Try This Simple Strategy When Your Child Refuses To Use The Toilet


I get a few calls every year from parents who have a neurotypical child between 4 and 5 that has said, very clearly, in words, that they refuse to use the toilet.  Often, it is pooping in the potty, not peeing.  Hesitancy is one thing.  Adamant refusal in words, clear words, is another thing.  The parents are not always stuck in a war of wills, and the kids aren’t usually trembling in fear of the potty.

What gives?

More often than not, there are a familiar batch of characteristics involved.  The child is not ill, constipated, autistic, or demonstrating any other issue.  They are not afraid of the toilet harming them, or afraid of falling in.  They are sensitive to criticism and failure, however.  This can be a key.  (Remember this for later)

The parents are often distracted with younger children or issues of their own.  It could be a newborn, a new job, a new home, or an ill grandparent.  They have no experience training anyone to use the toilet, or their other kids seemed to learn so easily that there was never any memory of real training going on.

There is rarely enough flexibility or freedom in a child’s schedule.  They have preschool, activities and lessons like soccer and musical instruments, or martial arts.  And they have to get there, then back for someone or something else, and so on.


Well, the first step is to give a child more responsibility for their elimination.  At this level of performance, they can start wiping (an adult finishes the job), but gather everything that is needed for a diaper change, toss everything once it is done, and definitely in the bathroom with all the devices OFF.

At this stage, there isn’t even much chatter.  There are some kids that look forward to the “alone time with caregiver ” of being changed, especially in busy households.  This needs to end now.  There should never be shaming of any child for any reason.  Morals aside; it simply doesn’t work!  But there should be no reward for refusing to learn to use the toilet.  Stating that soon they will be able to do this fast and independently, and then they will be able to “X”.  This action or event might only loosely be related to not using diapers.  It could be something as simple as being able to get right back to watching their show or playing outside.  Remember; things get turned off during diaper changing.  This isn’t the same as a reward for learning.


Because of the common problem with fear of failure.  A child who is sensitive to failure rarely likes a challenge, and they don’t respond that well to praise.  For more on this topic, read  Sensitive Child? Be Careful How You Deliver Praise .  The better choice is to state matter-of-factly that accidents happen to every kid you know, and that even grown-ups do things wrong.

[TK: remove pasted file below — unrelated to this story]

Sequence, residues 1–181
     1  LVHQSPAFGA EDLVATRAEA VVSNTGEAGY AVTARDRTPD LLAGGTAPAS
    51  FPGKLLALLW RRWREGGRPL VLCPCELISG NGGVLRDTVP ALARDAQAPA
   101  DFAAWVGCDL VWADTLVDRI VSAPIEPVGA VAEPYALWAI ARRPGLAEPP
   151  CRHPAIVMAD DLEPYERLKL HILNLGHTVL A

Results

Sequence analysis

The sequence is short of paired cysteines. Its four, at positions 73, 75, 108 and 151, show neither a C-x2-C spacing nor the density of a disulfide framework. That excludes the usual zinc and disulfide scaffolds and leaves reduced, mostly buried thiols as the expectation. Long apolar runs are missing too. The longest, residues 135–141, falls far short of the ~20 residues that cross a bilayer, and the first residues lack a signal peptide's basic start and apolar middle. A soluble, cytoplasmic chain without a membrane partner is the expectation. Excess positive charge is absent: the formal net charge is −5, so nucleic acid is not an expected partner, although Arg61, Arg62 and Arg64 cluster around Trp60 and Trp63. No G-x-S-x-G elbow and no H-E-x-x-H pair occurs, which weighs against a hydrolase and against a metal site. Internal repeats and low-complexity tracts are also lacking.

This needs to be a more visible part of a child’s day.  A child who might be sensitive to failure needs to see and hear an adult make mistakes and process their feelings in front of a child.  Not big feelings.  DO NOT tell your 4 year-old about your divorce!  But small errors, errors they can understand, and feelings like sadness or even being afraid you will do the same mistake again.  Then state what you do to make yourself feel better and do better.  Simple things.  Things like putting down the phone while you walk so you don’t trip, or making enough room for your glass so it doesn’t spill.

Once a child is managing their diapering quite independently and not getting much of a reward for needing help of any kind, it is time to get rid of the diapers.

I know.  This is really hard.

But kids that do great at school in underpants will hold onto their poop until they can don one of those diapers (I refuse to call them Pull-Ups.  They are diapers with elastic, and that is that) and do their business.  These kids have that much control.  It is rare that a child will never eliminate when they don’t have a diaper.  A nice higher fiber diet will make their poop smooth and full, and that helps significantly.  It should already have been obvious when their body seems to naturally need to eliminate waste, and pointed out to them.  We listen to our body’s signals and signs.  Farting is another sign.

Families have to restrict a child’s actions if they think their child will eliminate on non-washable surfaces.  Of course, accidents aren’t shamed, but they are cleaned up by both the child and the adult.  But these don’t usually happen all that regularly once kids realize that they are capable.  Do not cheer over their successes (see link above) but be mildly encouraging and move onto something fun that also recognizes their maturation.

Need more coaching about this tricky subject?  Make an appointment with me!  Visit my website Tranquil Babies  and book a consultation, and let me know what challenges in your household need more personalized assistance!


By Cathy Collyer

I am a licensed occupational therapist, licensed massage therapist, and certified CBT-i sleep coach in private practice in the NYC area. I have over 25 years of professional experience in adult and pediatric treatment. It has been a joy to help people of all ages improve their ability to grow and thrive! Occupational therapists are focused on enhancing a client's functioning in everyday life. We are practical healthcare providers, interested in teaching, adapting actions and environments, and building a client's useful skills for living their best life, regardless of their challenges. I am the author of five books, including "Staying In The Room: Managing Medical And Dental Care When You Have DID" and "The Practical Guide To Toilet Training the Autistic Child". I lecture on many subjects, including sleep, trauma, and development. Contact me to learn more about how I can help you achieve YOUR goals!

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